“Do you need a ride?”
I hear this a lot. As an attorney living and working in Los Angeles, I’m somewhat of an oddity, in that unlike seemingly all of my colleagues, I don’t drive to work. In fact, I hardly drive at all—my wife generally uses our one car to commute and cart our kids around. My friends see me waiting at the bus stop or walking to the Metro station and express their concern. I tell them not to worry, it’s by design.
I walk, bike, take the train and take the bus in “car-centric” LA. Such dedication comes with its ups and downs. Walking in this city can be an absolute pleasure or a real nightmare. But as I look out of my commuter bus in the morning heading downtown, I don’t just see triumphs and failings of city planning; I see the best and worst of my own profession.
At the core of every city’s urban landscape is a set of laws quietly dictating how the city will look and feel: lot size requirements that define a neighborhood, density restrictions that push development further out, parking minimums that lead to parking garages that lead to level-of-service mitigation that lead to wider roads—work your way backwards from any issue you see and at the heart you’re bound to find a law.
I think most people assume that the built environment of a city is representative of the collective conscious of its inhabitants. But while a city’s citizens help shape the culture and landscape of their home, their desires can be limited by the very codes they live under. In this case, despite the best intentions of legislators and lawyers crafting the law, the result is a city that doesn’t always represent the culture of its people.
Downtown Los Angeles is a great example. Once a thriving hub, it has become the butt of jokes. No one lives downtown. A ghost town after 5:00. Talk to any urbanist living in this city and they’ll give you myriad reasons why (or may disagree altogether it was ever really deserted), but the stats (and the skyline) don’t lie. In 1999, the population was 18,700. As of 2016, 65,185 people live in “DTLA,” as many call it now. The reason for the surge in growth isn’t just the result of some millennial drive towards urban centers, but rather has roots in a law.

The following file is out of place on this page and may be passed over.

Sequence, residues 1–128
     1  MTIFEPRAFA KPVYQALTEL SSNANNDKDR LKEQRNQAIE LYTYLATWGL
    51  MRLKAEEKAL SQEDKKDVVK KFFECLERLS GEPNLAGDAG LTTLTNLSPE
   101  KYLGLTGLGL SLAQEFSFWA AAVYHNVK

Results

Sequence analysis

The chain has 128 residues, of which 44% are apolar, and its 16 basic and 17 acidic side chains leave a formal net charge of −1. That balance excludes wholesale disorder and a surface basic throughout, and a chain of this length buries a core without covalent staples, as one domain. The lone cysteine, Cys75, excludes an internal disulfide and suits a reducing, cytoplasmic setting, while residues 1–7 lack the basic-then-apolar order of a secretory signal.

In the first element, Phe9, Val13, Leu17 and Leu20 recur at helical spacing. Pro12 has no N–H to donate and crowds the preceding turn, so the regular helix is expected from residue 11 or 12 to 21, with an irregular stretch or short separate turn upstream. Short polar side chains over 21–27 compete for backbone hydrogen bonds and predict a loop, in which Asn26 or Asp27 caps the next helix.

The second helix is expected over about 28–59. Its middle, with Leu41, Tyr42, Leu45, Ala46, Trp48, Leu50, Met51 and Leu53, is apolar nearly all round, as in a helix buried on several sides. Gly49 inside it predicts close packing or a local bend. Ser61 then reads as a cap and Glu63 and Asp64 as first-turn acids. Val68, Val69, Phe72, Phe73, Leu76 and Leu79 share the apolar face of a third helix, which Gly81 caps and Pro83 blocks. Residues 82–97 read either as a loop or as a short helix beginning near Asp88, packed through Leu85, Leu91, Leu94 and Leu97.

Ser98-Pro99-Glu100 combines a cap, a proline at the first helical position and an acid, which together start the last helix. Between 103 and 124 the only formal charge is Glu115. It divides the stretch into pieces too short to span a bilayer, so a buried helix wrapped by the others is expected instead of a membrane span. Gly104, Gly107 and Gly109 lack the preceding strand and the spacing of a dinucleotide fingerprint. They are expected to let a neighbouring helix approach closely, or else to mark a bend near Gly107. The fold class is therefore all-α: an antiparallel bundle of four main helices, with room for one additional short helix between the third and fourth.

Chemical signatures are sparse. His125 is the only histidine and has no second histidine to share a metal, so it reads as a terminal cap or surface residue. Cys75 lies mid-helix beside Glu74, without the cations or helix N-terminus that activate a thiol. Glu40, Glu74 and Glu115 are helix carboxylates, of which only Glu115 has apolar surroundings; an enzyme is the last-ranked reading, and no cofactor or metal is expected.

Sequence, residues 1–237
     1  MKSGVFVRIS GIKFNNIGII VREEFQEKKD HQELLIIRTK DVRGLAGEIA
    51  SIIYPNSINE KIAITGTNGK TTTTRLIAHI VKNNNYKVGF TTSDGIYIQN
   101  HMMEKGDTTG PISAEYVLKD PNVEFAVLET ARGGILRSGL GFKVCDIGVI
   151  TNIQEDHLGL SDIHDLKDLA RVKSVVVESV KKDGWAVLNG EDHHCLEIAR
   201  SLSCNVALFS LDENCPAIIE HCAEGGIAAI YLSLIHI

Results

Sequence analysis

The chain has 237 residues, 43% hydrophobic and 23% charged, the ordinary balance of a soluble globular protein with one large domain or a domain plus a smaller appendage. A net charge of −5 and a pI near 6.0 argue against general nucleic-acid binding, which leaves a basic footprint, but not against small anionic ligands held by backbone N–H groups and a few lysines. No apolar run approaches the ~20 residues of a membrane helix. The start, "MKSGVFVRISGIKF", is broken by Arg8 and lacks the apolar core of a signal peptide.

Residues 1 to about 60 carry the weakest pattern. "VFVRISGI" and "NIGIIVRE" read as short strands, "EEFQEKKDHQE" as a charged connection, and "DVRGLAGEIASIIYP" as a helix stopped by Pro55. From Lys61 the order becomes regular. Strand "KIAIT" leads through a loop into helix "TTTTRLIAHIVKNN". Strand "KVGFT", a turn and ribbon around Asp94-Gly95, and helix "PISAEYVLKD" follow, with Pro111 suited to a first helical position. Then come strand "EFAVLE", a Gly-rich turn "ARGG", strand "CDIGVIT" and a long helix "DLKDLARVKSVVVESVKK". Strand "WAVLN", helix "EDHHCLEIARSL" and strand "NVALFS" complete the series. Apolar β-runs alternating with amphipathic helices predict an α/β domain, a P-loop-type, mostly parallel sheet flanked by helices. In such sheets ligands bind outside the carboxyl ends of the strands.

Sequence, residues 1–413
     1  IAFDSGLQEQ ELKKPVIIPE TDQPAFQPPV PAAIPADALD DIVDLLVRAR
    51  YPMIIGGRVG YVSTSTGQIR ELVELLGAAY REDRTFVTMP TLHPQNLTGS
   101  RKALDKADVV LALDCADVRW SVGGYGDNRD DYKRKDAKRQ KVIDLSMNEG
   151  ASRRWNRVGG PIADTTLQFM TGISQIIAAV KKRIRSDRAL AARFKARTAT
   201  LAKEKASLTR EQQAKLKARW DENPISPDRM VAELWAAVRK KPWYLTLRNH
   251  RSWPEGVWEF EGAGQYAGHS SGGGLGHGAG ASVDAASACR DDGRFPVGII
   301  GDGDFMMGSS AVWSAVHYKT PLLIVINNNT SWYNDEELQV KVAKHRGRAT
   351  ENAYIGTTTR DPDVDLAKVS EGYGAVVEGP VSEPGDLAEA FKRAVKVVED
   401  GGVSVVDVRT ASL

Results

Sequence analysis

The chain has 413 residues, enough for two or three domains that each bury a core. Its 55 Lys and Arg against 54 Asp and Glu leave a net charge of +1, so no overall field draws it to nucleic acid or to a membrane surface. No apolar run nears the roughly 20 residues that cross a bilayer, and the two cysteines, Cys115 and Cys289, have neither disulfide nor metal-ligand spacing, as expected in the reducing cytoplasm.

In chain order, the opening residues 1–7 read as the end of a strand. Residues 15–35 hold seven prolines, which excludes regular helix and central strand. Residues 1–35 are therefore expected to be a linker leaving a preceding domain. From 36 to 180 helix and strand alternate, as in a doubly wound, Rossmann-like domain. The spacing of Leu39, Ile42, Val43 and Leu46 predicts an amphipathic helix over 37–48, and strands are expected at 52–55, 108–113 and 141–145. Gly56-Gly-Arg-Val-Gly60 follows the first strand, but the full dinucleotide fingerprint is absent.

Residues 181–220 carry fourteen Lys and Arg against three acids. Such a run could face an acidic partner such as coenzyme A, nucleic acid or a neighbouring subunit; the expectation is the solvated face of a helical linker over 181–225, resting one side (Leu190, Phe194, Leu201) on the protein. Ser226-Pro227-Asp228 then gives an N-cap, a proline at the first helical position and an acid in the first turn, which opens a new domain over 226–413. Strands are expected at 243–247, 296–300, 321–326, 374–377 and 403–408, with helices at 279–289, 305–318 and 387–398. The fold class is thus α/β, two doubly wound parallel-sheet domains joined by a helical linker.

In 1999, the Los Angeles City Council passed the Adaptive Reuse Ordinance, which allowed historic downtown commercial structures to be converted to other uses without being subjected to the same requirements as new construction. Historic office buildings could be converted to apartments without building an adjacent parking garage to fulfill parking minimums, for instance. The floodgates opened, and the increasing population paved the way for new projects to be built.
Today, there are still many laws that could be written or removed that would work toward a better Los Angeles. And there are plenty of opportunities for more mistakes in the future. Nothing poses a greater threat or opportunity than the promise of autonomous vehicles.
The coming revolution in cars that drive themselves will have a profound effect on the urban environment. The question is what it will look like. Our wide roads may only get wider if there are more vehicles circling and waiting for passengers or advertising products. Extended commute times will be far more bearable when you’re not behind the wheel, which could increase the sprawl. Cheaper shipping may only increase the number of trucks on the road or drones in the air. But the opportunities are there, as well. Parking garages could become obsolete. An increase in safety could mean more livable streets. The difference will be whether we let the technology shape our laws or channel the future to ensure a better, smarter urban landscape.
This morning, I went for a run with my dog. I walked my kids to school. I took the train downtown to work. Tonight I’ll grab a drink with friends and call for a ride home on my phone. Los Angeles isn’t a car city; it’s a people city, and our laws should reflect that fact.
Garth Bostic is a Los Angeles-based associate at global law firm Nixon Peabody LLP, an LA CoMotion sponsor.